Cooking Knives

It is said that you need 3 knives in the kitchen:

"The knife is a chef's paintbrush"

A good knife should never go in the dishwasher, and should never be just thrown in a drawer. In a drawer, it belongs in some kind of edge guard. Better yet, store your knives in a block, or purchase a magnetic strip to "hang them on the wall".

Use only wood cutting boards, or plastic. Never glass, stone, or ceramic.

Get a steel and steel your knife regularly. Use a grooved steel with caution and a light touch. A smooth steel is better, and a fine ceramic is probably better yet. Steeling requires barely more pressure than the weight of the knife itself. 4 or 5 strokes per side is fine. Steel every time you use your knife. Steel before you use the knife, and steel before sharpening!

Here is a nice article about knife maintenance.

Amazingly, the $85 Chef's Choice model 110 electric sharpener gets good reviews from the knife experts. It has 3 stages. The first is very aggressive and should only be used to rescue a damaged knife or to put a 15 degree back bevel on a brand new knife. After that use the second (sharpening) and third (honing) stages only. A fancier model 120 is available with a polymer strop as a final stage.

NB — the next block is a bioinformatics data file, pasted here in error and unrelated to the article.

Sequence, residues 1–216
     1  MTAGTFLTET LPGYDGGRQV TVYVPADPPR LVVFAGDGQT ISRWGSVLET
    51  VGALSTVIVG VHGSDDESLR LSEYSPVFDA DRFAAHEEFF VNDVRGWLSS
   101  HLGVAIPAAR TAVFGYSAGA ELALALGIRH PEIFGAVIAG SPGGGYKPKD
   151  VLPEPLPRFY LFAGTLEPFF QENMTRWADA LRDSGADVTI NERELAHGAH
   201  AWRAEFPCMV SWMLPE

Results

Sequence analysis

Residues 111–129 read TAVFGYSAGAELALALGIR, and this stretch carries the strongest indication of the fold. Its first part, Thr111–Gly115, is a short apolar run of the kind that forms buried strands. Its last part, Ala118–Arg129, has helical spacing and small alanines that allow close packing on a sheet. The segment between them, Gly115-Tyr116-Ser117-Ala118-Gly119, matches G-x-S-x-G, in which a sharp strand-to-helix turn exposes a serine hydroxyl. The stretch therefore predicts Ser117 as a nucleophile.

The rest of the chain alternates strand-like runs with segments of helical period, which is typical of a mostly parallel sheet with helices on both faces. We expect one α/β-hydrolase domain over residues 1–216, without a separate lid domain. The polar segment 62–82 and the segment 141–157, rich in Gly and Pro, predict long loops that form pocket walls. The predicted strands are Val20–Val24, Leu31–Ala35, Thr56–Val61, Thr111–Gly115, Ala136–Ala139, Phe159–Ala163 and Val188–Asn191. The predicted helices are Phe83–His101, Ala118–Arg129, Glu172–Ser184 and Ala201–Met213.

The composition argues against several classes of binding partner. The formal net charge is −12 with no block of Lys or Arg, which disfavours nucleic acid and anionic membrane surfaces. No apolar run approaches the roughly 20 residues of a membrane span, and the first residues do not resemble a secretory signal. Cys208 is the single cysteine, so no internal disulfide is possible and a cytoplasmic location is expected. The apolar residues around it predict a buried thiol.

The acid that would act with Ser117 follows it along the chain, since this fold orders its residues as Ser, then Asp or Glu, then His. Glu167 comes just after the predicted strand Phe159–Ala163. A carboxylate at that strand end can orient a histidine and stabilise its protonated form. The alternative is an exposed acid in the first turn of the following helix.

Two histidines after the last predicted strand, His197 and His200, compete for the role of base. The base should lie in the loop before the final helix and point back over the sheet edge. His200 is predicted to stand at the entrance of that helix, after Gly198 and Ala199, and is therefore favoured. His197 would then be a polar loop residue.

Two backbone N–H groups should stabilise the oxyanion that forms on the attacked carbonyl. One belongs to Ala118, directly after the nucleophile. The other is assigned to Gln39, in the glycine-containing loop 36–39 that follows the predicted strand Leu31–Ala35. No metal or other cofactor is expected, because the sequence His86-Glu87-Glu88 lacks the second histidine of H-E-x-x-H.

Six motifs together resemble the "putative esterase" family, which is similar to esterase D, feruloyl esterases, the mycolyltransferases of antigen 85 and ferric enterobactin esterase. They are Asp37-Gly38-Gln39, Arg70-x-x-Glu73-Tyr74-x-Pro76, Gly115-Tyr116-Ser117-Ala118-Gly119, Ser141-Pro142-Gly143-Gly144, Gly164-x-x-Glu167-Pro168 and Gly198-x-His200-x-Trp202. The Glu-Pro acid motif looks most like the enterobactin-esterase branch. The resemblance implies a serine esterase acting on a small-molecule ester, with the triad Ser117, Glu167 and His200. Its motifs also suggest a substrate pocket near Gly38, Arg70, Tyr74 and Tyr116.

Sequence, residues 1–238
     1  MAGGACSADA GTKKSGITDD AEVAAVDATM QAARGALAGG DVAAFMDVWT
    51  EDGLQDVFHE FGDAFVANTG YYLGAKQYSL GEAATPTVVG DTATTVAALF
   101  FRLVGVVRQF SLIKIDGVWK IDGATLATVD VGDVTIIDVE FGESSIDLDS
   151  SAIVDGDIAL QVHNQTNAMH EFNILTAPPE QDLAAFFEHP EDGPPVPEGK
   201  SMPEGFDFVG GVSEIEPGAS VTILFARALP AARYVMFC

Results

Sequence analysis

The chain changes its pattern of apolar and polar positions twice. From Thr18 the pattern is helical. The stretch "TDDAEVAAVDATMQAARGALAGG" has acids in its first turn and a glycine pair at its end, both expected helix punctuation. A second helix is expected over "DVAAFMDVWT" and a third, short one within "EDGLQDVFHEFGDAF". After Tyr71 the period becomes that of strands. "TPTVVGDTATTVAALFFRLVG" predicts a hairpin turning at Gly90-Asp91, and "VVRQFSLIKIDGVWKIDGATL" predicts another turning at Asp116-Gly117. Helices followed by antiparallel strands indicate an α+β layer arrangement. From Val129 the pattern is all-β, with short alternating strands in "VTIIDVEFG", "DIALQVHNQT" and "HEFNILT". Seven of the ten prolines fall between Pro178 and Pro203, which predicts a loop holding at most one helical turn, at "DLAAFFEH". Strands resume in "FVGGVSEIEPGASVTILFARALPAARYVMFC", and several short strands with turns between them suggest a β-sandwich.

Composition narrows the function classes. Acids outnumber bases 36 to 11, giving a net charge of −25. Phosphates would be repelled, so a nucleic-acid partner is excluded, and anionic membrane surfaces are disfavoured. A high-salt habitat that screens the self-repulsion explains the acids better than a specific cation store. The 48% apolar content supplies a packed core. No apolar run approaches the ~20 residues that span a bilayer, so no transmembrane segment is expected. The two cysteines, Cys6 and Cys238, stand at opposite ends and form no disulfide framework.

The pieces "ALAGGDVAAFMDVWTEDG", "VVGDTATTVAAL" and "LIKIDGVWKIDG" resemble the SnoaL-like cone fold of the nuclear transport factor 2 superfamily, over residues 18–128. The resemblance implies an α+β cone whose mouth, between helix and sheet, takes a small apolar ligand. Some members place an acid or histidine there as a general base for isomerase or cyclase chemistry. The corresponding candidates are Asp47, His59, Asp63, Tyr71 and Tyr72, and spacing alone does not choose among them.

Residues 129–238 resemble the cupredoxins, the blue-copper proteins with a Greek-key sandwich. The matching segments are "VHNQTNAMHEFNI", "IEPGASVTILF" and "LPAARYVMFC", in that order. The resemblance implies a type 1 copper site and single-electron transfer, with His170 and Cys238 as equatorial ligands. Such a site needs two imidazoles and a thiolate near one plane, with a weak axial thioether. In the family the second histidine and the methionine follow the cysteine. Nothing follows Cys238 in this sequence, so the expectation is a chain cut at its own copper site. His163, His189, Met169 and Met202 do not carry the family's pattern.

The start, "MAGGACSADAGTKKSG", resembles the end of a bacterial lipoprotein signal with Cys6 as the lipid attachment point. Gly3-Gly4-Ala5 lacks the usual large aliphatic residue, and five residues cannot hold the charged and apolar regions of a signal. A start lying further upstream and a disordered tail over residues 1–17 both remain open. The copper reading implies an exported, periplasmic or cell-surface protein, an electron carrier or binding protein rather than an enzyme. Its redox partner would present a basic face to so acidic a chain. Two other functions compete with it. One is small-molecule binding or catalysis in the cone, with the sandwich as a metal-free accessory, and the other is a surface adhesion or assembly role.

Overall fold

Santoku Knives

These seem to be almost a fad. A Santoku knife is a modern japanese chefs knife. It has a straighter edge and usually a more acute edge angle and (in japanese versions at least) much harder steel than traditional chefs knives. Many people love them, escpecially for cutting vegetables. Many have "divots" ground into the blade (called "kullens") which are intended to reduce the sticking of food. The word "santoku" means 3 virtues (namely slicing, dicing, and mincing). The "Shun" brand of knives are well regarded Santoku knives.
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